Detaining migrants is pointless. The human pain it causes is unnec­essary. The money used is wasted. Immigrant detention has never been effective in its intended goal whether this is exclusion or deterrence. Rather than caging migrants and refugees, the government should simply release them and allow them to reside with friends, family, or community members in the U.S. while it examines their cases.

From IN THE SHADOW OF LIBERTY by Ana Raquel Minian, published by Viking, an imprint of Penguin Publishing Group, a division of Penguin Random House, LLC. Copyright © 2024 by Ana Raquel Minian.

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Guest Essay

Jamie Raskin: How to Force Justices Alito and Thomas to Recuse Themselves in the Jan. 6 Cases

A white chain in the foreground, with the pillars of the Supreme Court Building in the background.

By Jamie Raskin

Mr. Raskin represents Maryland’s Eighth Congressional District in the House of Representatives. He taught constitutional law for more than 25 years and was the lead prosecutor in the second impeachment trial of Donald Trump.

Many people have gloomily accepted the conventional wisdom that because there is no binding Supreme Court ethics code, there is no way to force Associate Justices Samuel Alito and Clarence Thomas to recuse themselves from the Jan. 6 cases that are before the court.

Justices Alito and Thomas are probably making the same assumption.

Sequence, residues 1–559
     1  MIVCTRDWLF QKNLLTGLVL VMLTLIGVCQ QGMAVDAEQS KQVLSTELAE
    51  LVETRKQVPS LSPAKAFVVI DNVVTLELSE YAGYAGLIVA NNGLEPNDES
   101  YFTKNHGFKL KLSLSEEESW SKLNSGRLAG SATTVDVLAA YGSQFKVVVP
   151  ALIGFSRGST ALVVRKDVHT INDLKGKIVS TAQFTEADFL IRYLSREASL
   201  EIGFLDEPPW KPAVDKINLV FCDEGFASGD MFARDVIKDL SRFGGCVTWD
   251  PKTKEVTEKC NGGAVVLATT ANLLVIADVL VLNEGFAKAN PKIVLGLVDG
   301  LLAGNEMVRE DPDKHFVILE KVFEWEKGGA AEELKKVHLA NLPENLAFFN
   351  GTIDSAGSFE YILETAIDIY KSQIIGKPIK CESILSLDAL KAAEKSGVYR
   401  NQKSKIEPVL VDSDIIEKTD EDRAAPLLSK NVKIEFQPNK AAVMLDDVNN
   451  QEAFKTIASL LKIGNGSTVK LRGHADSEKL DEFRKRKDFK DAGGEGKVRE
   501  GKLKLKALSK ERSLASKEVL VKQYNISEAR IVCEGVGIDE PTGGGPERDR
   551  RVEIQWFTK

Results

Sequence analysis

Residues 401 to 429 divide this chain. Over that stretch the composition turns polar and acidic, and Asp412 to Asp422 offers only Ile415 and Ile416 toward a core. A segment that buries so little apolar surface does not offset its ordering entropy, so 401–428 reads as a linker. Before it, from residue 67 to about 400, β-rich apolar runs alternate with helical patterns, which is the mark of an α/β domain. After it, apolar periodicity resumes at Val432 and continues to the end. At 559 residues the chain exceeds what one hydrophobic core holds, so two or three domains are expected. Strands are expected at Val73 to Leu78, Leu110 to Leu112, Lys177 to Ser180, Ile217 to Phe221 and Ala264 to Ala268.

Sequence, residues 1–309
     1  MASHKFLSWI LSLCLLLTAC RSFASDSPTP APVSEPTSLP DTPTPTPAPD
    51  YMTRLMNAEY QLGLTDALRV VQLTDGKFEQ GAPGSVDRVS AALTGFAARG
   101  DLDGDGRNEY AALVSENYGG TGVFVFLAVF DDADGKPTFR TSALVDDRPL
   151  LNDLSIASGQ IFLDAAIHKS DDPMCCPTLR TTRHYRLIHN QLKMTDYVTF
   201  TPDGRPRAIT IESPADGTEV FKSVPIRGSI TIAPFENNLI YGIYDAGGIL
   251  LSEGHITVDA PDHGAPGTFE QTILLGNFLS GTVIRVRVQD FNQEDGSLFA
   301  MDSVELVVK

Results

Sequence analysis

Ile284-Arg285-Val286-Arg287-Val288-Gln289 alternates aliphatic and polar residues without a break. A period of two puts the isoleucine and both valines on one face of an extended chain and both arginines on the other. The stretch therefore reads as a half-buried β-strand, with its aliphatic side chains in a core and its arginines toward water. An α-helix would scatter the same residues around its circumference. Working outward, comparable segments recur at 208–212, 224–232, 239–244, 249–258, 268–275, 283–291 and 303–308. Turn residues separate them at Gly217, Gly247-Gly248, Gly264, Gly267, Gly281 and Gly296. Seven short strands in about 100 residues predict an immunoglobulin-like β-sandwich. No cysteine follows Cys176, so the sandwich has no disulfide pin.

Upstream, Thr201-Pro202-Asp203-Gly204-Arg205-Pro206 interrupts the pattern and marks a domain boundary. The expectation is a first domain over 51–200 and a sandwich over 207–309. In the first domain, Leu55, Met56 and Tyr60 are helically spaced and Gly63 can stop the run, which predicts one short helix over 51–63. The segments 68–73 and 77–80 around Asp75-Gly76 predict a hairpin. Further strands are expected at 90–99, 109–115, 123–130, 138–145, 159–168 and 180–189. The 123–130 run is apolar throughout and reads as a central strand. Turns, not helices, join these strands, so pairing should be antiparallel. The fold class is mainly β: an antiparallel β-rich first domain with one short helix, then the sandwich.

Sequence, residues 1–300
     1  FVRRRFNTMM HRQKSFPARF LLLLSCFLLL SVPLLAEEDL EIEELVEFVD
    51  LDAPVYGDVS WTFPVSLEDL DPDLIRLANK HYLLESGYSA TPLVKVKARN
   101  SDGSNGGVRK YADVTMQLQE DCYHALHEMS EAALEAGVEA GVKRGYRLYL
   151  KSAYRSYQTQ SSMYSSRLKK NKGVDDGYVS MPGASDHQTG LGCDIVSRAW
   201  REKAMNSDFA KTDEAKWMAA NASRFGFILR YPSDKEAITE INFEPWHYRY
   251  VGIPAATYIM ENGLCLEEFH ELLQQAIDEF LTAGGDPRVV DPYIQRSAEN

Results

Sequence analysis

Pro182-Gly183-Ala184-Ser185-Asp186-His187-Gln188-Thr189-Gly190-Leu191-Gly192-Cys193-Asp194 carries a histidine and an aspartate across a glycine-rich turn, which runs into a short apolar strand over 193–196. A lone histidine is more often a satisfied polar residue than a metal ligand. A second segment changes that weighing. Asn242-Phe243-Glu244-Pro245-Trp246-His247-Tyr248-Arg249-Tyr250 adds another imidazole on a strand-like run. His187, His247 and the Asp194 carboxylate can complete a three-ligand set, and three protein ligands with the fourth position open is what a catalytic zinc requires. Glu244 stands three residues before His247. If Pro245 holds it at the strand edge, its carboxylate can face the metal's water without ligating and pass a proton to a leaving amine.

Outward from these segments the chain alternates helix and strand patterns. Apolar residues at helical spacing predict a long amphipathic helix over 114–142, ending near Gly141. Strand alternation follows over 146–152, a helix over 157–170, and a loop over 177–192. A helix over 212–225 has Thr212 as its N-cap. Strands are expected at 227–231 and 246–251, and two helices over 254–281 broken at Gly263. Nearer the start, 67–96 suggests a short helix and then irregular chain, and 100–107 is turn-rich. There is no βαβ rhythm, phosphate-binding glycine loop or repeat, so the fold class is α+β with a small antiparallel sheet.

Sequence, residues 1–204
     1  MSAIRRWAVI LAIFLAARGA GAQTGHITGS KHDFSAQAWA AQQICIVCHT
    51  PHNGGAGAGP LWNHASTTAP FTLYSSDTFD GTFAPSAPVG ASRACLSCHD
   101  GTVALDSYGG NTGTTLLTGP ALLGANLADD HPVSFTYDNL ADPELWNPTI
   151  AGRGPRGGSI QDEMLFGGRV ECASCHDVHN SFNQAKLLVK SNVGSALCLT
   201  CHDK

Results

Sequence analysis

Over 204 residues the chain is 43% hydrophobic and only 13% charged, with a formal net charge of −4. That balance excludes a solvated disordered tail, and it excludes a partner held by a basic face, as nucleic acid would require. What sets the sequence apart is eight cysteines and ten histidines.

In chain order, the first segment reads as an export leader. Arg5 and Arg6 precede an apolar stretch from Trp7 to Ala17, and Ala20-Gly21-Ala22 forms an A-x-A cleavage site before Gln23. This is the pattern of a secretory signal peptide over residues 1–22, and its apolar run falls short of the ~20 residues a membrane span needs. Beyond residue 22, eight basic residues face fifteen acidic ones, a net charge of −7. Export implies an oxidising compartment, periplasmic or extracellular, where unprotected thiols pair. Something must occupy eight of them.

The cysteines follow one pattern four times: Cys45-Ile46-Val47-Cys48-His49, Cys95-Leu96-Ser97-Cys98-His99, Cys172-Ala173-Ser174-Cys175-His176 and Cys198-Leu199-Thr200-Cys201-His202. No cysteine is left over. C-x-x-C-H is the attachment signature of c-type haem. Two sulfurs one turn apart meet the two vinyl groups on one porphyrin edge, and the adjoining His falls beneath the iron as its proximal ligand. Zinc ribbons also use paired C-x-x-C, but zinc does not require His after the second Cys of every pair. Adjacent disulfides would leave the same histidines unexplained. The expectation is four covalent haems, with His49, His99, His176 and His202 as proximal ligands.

But all of them are wrong.

It seems unfathomable that the two justices could get away with deciding for themselves whether they can be impartial in ruling on cases affecting Donald Trump’s liability for crimes he is accused of committing on Jan. 6. Justice Thomas’s wife, Ginni Thomas, was deeply involved in the Jan. 6 “stop the steal” movement. Above the Virginia home of Justice Alito and his wife, Martha-Ann Alito, flew an upside-down American flag — a strong political statement among the people who stormed the Capitol. Above the Alitos’ beach home in New Jersey flew another flag that has been adopted by groups opposed to President Biden.

Justices Alito and Thomas face a groundswell of appeals beseeching them not to participate in Trump v. United States , the case that will decide whether Mr. Trump enjoys absolute immunity from criminal prosecution, and Fischer v. United States , which will decide whether Jan. 6 insurrectionists — and Mr. Trump — can be charged under a statute that criminalizes “corruptly” obstructing an official proceeding. (Justice Alito said on Wednesday that he would not recuse himself from Jan. 6-related cases.)

Everyone assumes that nothing can be done about the recusal situation because the highest court in the land has the lowest ethical standards — no binding ethics code or process outside of personal reflection. Each justice decides for him- or herself whether he or she can be impartial.